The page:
This is the second characterization of key anti-malarial drug resistance associated genetic polymorphisms in P. falciparum field isolates in Ujjain, Madhya Pradesh, Central India. Samples were collected 3 and 4 years after the implementation of ASP as first line antimalarial in Ujjain (2012) and 5 years after the first base-line study was conducted. From these data, the frequency of in vivo chloroquine and SP resistance in the study area and an indication of the speed at which resistant genotypes accumulate can be inferred.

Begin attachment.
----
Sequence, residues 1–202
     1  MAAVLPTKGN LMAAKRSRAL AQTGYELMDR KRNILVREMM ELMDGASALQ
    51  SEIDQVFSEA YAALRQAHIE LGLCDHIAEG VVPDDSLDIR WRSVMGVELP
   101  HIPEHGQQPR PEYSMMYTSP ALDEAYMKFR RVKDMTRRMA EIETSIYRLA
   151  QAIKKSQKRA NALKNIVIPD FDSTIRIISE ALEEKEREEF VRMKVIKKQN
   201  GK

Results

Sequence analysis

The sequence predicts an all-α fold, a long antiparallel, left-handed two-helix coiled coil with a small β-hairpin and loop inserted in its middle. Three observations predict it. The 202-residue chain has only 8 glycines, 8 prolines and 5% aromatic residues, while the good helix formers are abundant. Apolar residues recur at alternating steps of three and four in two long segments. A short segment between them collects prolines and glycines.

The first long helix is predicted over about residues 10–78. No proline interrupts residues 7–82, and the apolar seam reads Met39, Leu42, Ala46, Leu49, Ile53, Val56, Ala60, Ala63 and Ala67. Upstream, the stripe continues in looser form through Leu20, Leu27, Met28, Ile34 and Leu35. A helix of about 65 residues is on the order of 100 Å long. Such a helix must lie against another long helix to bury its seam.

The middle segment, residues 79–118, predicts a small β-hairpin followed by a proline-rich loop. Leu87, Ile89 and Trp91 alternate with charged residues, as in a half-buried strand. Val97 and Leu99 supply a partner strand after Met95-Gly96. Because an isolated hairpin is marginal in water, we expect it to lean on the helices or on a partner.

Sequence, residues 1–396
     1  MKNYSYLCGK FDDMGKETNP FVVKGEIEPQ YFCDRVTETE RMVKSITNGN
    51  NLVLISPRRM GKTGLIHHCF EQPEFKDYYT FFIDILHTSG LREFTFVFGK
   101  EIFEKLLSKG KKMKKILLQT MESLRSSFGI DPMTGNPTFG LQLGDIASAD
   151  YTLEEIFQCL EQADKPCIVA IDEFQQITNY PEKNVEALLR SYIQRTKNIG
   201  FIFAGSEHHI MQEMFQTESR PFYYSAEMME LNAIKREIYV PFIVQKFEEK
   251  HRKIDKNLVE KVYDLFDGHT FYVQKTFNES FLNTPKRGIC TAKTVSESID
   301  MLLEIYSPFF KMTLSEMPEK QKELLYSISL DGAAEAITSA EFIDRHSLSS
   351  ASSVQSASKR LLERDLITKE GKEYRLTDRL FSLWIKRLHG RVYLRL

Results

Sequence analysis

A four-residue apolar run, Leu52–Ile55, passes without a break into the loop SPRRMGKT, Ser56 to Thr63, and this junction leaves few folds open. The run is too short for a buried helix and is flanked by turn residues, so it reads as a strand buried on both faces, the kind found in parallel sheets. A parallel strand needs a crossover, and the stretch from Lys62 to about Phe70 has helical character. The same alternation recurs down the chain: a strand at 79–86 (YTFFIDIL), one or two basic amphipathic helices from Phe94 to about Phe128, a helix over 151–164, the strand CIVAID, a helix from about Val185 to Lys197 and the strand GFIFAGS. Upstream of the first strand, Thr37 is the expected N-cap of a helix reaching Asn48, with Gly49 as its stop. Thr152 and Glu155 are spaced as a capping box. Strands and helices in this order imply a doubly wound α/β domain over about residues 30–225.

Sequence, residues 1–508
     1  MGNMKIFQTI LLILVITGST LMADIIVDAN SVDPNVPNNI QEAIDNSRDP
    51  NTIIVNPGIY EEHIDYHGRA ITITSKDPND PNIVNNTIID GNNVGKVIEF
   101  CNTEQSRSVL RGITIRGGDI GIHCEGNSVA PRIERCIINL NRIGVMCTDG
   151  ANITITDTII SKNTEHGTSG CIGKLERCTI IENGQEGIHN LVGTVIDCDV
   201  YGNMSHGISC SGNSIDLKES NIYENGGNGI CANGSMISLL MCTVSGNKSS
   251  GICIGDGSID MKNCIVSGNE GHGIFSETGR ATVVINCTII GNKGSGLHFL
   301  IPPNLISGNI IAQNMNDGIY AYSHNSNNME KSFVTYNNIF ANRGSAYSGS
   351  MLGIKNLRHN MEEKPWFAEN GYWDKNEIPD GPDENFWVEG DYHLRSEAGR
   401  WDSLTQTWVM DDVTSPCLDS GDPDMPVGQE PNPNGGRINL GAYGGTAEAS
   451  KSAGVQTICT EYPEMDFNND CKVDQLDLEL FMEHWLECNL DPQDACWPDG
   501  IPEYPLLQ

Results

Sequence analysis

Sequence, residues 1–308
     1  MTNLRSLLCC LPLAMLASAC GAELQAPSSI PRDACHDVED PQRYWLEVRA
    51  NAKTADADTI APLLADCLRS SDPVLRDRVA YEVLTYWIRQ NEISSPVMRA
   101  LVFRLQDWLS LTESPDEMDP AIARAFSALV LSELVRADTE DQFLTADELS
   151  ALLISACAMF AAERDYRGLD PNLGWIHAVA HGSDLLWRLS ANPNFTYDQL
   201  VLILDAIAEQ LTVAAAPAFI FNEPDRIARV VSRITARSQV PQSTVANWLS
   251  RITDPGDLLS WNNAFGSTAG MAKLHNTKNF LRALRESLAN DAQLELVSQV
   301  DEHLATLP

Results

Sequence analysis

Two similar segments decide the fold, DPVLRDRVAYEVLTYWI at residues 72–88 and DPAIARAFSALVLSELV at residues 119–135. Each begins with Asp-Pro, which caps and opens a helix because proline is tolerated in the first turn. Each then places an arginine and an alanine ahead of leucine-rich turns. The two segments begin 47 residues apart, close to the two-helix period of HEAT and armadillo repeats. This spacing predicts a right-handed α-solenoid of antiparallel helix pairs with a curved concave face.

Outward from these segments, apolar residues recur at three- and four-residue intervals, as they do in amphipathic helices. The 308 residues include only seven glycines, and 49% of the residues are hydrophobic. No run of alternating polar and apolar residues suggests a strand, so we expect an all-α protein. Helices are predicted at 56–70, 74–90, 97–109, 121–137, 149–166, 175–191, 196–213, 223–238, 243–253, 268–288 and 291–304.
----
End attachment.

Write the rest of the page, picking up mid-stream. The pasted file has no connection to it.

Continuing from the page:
The most encouraging finding was that the frequency of the previously identified key SP resistance associated alleles had not increased significantly despite the presumed increased SP drug pressure. In the previous study, 90% (70/78) and 96% (75/78) of samples had pfdhfr 59R and 108N mutations, respectively, compared to 96% in this study. Similarly, 100% (76/76) and 9% (7/77) of samples had the pfdhps 436F and 437G mutations, respectively in the previous study compared to 100% and 10% in the current study. Furthermore, the triple mutant pfdhfr 59R108N plus pfdhps 437G haplotype was also stable at a frequency of 10% in the current study compared to 8% (6/76) prior to introduction of ASP. As in the previous study no alleles at pfdhfr codons 51 or 164 nor at pfdhps codons 540, 581 or 613 that are associated with high levels of SP resistance were found. The results suggests that mutations associated with SP resistance have not accumulated rapidly since the introduction of ASP 3 to 4 years previously.